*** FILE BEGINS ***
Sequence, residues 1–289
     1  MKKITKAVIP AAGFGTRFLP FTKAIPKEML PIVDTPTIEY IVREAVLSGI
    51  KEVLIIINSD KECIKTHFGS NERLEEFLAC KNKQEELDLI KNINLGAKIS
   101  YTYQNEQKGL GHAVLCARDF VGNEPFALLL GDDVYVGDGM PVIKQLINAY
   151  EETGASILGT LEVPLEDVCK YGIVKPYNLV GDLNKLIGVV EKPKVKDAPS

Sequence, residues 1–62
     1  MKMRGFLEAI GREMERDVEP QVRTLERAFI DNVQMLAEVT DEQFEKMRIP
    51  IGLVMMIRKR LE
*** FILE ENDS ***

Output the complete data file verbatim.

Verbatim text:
Sequence, residues 1–289
     1  MKKITKAVIP AAGFGTRFLP FTKAIPKEML PIVDTPTIEY IVREAVLSGI
    51  KEVLIIINSD KECIKTHFGS NERLEEFLAC KNKQEELDLI KNINLGAKIS
   101  YTYQNEQKGL GHAVLCARDF VGNEPFALLL GDDVYVGDGM PVIKQLINAY
   151  EETGASILGT LEVPLEDVCK YGIVKPYNLV GDLNKLIGVV EKPKVKDAPS

Sequence, residues 1–62
     1  MKMRGFLEAI GREMERDVEP QVRTLERAFI DNVQMLAEVT DEQFEKMRIP
    51  IGLVMMIRKR LE